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Routes in i. High E

50-50 T 5.5 4b 13 IV+ 11 MS 4a
Alpine Diversions T 5.8 5b 16 VI- 15 HVS 4c
Ants' Line T 5.9 5c 17 VI 17 HVS 5a
Bonnie's Roof T 5.9 5c 17 VI 17 HVS 5a
Cool Hand Dukes T 5.8 5b 16 VI- 15 HVS 4c
Directissima T 5.9 5c 17 VI 17 HVS 5a
Directississima T 5.10b 6a+ 19 VII- 19 E2 5b
Enduro Man's Longest Hangout T 5.11+ 7a 24 VIII 24 E4 6a R
Ent Line T,TR 5.10d 6b+ 21 VII+ 21 E3 5b
First Trapps Chimney T 5.5 4b 13 IV+ 11 MS 4a
Groovy T 5.8+ 5b 16 VI- 15 HVS 4c
High Exposure T 5.6 4c 14 V 12 S 4b
In The Groove T 5.6 4c 14 V 12 S 4b
In the Silly T 5.3 3+ 10 III 9 VD 3a
Insuhlation T 5.9 5c 17 VI 17 HVS 5a
Lakatakissima T 5.10b 6a+ 19 VII- 19 E2 5b
Lichen Forty Winks T 5.7+ 5a 15 V+ 13 MVS 4b
Missing, But Not Lost T 5.4 4a 12 IV 10 VD 3c
Nose Drops T 5.9- 5c 17 VI 16 HVS 4c
Obstacle Delusion T 5.9 5c 17 VI 17 HVS 5a PG13
Ridicullissima T 5.10+ 6b+ 21 VII+ 20 E3 5b PG13
Silly Chimney T 5.1 2 6 II 7 MD 2a
Sleepwalk T 5.7 5a 15 V+ 13 MVS 4b
Space Invaders T 5.10d 6b+ 21 VII+ 21 E3 5b
Teeny Face T 5.10a 6a 18 VI+ 18 E1 5a
Third Trapps Chimney T 5.3 3+ 10 III 9 VD 3a
Throne, The T 5.12- 7a+ 25 VIII+ 25 E5 6a
Ursula T 5.6 4c 14 V 12 S 4b
Type: Trad, 250 ft, 2 pitches
FA: Hans Kraus & Fritz Wiessner - 1941
Page Views: 139,733 total, 977/month
Shared By: Josh Janes on Feb 21, 2006 with updates
Admins: JSH

You & This Route


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Description

High Exposure. The climbing itself is flawless, but when one considers that the FA was done by pioneers Hans Kraus and Fritz Wiessner in 1941, it's even more incredible! The name, of course, is completely appropriate for this must-do Gunks mega-classic.

The High E buttress is an obvious right-facing arete that is visible from the drive in from New Paltz. It is located about halfway along the base of the Trapps, right of the MF area and left of Bonnie's Roof. The High E access trail is about a 15 minute walk from the Uberfall.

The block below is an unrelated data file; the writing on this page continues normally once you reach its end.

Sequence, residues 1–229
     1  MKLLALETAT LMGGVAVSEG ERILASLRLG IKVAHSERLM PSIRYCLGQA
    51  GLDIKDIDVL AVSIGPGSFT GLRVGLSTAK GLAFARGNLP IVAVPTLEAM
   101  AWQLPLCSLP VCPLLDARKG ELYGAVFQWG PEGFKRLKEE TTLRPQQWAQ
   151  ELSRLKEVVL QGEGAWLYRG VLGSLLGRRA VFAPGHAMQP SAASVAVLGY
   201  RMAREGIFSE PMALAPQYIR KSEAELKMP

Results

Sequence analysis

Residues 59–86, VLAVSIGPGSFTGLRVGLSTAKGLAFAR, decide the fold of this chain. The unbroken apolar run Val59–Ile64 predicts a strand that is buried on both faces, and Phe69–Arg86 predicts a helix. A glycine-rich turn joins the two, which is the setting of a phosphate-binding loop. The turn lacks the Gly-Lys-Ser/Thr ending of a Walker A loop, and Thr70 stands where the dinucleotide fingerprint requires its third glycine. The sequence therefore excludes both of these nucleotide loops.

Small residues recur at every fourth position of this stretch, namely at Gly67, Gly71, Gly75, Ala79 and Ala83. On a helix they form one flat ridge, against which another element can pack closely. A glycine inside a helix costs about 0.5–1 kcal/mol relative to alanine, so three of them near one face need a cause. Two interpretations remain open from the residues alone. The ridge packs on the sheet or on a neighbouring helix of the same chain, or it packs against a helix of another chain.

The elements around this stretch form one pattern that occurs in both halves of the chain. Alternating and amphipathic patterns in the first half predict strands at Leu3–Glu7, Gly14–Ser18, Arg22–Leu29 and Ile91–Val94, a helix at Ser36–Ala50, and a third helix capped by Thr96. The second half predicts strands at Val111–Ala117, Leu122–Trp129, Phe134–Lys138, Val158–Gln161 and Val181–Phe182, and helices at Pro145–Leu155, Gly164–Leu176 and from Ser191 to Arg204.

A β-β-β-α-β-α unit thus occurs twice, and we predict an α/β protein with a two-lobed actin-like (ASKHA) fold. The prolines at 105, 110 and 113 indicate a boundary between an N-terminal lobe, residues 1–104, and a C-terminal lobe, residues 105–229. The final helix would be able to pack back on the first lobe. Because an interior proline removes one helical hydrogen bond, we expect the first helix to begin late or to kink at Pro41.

P1 (5.4, 180'): Begin the climb in a chimney/stemming corner left of the arete. Climb up this corner, only until it is possible to traverse up and right across the face, then climb up the face to a fantastic, spacious triangular belay ledge (this is the GT ledge) right on the arete below a large roof. Belay from natural gear or sling the huge boulder on the ledge.

This pitch was originally split into two by belaying in the corner before heading out onto the face, but it can be easily combined into one with careful rope management.

P2 (5.6, 100'): This is the money pitch, and is just about as exciting as 5.6... or 5.7 or 5.8 for that matter... can be. Climb up from the ledge (it's easiest to begin at the left side) and traverse right to the obvious place to turn the corner and make "The Move" to pull the roof - the exposure is immediate and the rock is steep! Continue up the face past gear, jugs, and fixed pins, trending left back towards the arete, until you top out. Exhilarating!

Communication between the clifftop and the GT is notoriously difficult here, so plan accordingly.

Descend climber's right from three bolted rap stations with one rope.

Also consider the Directissima variation instead of doing the original first pitch. Done this way, the climb checks in at 5.9, but you get what you pay for -- a first pitch that rivals the second in terms of quality.

Protection

Standard Rack.

Photos

Dan Katz  
 
Tied into the sharp end, and got on this for the first time on Friday. Seriously incredible second pitch - And to be honest, I really enjoyed the first pitch as well! It's not brilliant, but escaping the corner is sort of neat, and there's a certain drama that continuously builds as you approach the iconic ledge.

Others have mentioned that either a #3 or #4 can be used to protect "The Move" - I was glad to have both. The #4 slots in well right under the roof, and the #3 can be placed virtually immediately after pulling The Move - Great mental pro, and good protection for your second, in case they blow it.

If you've never been on it, be ready - The 20ft or so following The Move are much more pumpy than the Move itself. Nov 20, 2016
How many tugs on the rope should the fallen second do to communicate "I've fallen off the move but if you could please lower me about 6 feet I'll give it another shot"? Jul 30, 2016
MojoMonkey  
 
I've seen on multiple occasions climbers clogging up the last pitch because of some unexpected difficulty that neither of them can communicate to each other. It usually leads to lots of ineffectual shouting until someone else can intervene as vocal relay, at least. Reference, probably the most infamous High Exposure shenanigans: rockclimbing.com/cgi-bin/fo…;post=1900322;page=1;sb=post_latest_reply;so=ASC;mh=25; Jul 28, 2016
Mongo